Bakery and coffee shop chains have bucked the slump in high street store openings in 2017.
Overall store openings were at their lowest level in seven years, with an average of 11 every day in 2017, down from 12 a day in 2016, and 15 in 2013. An average of 16 high street stores closed each day last year.
The statistics are based on 2017 activity in the UK’s 500 largest towns by chains that operate at least five stores. Data was compiled by the Local Data Company for PwC.
There was a net increase of 16 bakery stores, with 76 sites opening and 60 closing. Cafés and tearooms recorded one of the strongest performances, with a net increase of 30 stores.
The number of coffee shops increased by 25, in contrast to a net closure of 66 pubs.
Hardest hit by the slump in high street retail were fashion and clothing stores, with a net loss of 314 sites, followed by shoe shops with a loss of 86. There have been steep declines in bank, estate agent and travel agent numbers, which reflected rising customer use of online and app services, said PwC.
The data showed that the second half of 2017 saw substantially more closures and fewer openings than the first six months of the year.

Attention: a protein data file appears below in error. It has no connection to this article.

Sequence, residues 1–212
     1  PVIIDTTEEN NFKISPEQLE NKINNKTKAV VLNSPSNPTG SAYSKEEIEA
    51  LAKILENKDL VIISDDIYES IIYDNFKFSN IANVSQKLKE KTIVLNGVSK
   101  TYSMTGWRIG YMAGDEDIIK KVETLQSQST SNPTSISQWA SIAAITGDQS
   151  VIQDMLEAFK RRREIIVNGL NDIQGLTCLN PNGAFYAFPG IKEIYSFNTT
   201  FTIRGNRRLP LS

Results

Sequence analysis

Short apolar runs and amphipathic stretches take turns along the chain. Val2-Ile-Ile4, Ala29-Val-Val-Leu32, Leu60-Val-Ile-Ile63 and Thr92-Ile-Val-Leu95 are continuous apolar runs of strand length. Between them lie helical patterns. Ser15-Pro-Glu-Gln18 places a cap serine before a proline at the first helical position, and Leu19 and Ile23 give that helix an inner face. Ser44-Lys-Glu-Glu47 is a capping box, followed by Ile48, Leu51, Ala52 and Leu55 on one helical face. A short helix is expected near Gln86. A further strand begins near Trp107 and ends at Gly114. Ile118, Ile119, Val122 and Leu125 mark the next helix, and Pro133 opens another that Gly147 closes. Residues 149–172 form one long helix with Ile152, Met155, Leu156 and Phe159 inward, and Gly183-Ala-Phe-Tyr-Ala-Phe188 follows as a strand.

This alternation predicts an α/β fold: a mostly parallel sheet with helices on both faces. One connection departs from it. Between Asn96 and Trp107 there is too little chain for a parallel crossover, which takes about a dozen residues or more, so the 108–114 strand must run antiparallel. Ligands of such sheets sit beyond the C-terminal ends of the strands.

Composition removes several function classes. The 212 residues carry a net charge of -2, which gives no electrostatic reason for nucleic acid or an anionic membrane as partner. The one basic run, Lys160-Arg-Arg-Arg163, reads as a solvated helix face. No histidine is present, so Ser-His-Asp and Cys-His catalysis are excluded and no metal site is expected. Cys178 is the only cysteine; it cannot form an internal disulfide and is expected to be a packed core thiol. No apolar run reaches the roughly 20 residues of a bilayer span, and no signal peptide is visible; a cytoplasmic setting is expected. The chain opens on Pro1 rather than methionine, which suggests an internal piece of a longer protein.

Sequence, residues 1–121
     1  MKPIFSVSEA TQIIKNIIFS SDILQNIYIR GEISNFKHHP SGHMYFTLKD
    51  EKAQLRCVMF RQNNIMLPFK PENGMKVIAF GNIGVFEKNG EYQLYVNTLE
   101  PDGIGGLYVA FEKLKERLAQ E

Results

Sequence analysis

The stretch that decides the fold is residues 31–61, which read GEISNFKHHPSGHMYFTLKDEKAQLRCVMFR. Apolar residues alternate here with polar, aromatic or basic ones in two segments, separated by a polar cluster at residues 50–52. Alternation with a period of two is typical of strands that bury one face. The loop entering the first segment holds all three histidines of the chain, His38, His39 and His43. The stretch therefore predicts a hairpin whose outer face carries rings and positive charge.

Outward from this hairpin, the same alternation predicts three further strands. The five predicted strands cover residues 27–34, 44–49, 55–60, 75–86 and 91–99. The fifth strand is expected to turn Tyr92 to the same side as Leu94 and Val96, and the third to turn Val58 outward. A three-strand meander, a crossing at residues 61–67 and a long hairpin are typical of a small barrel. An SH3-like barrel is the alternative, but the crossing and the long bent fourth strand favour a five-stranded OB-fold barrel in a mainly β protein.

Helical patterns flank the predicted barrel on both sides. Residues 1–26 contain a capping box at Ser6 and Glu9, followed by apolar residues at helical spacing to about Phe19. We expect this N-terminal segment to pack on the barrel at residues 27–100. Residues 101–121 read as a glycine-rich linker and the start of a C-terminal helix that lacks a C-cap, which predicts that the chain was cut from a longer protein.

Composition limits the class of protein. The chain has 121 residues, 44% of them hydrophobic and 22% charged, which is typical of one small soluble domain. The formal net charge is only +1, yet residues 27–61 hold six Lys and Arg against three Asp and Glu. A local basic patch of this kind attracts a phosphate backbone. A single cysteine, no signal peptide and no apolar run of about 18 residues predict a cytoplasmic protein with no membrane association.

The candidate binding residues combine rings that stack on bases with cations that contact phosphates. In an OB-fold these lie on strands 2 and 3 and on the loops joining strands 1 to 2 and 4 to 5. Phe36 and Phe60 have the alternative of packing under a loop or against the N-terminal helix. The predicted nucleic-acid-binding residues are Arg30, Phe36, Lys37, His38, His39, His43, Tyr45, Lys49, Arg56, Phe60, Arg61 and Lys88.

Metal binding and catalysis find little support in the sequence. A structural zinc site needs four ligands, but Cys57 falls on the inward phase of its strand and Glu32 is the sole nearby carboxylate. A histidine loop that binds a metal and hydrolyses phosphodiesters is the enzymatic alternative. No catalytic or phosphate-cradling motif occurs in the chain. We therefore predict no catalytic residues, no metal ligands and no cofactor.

“We saw volatility from month to month and across different sectors as wage growth failed to keep up with inflation, forcing many shoppers to think more carefully about their spending habits,” said PwC consumer markets leader Lisa Hooker.
She added that many retailers had been impacted by online shopping.
“Digital offerings are increasingly becoming make or break in areas like fashion, but also for banks, travel agents and estate agents. For these sectors, store closures are less driven by the market environment and more by bigger structural changes, as customers increasingly expect to interact with their service providers online or via apps.”
Hooker said retailers needed to ensure they had a clear brand and product offering.
“The winners at the moment, such as nail bars, coffee shops, bookstores and craft beer pubs, are all flourishing because they serve the needs of emerging consumer segments, such as experience-seeking millennials, and offer a differentiated physical proposition that online offerings can’t compete with,” she added.
It was a view echoed by Lucy Stainton, senior relationship manager at The Local Data Company, who said the parts of the market with the highest growth rates largely have ‘experience’ in common.
“Consumers are still very social and want to engage with their high streets and physical space in a way which perhaps replaces traditional shopping activities, some of which has moved online,” she added.
“Likewise, these corners of the retail landscape play well for consumers looking for more affordable luxuries as consumer uncertainty persists and spending remains of a cautious nature.”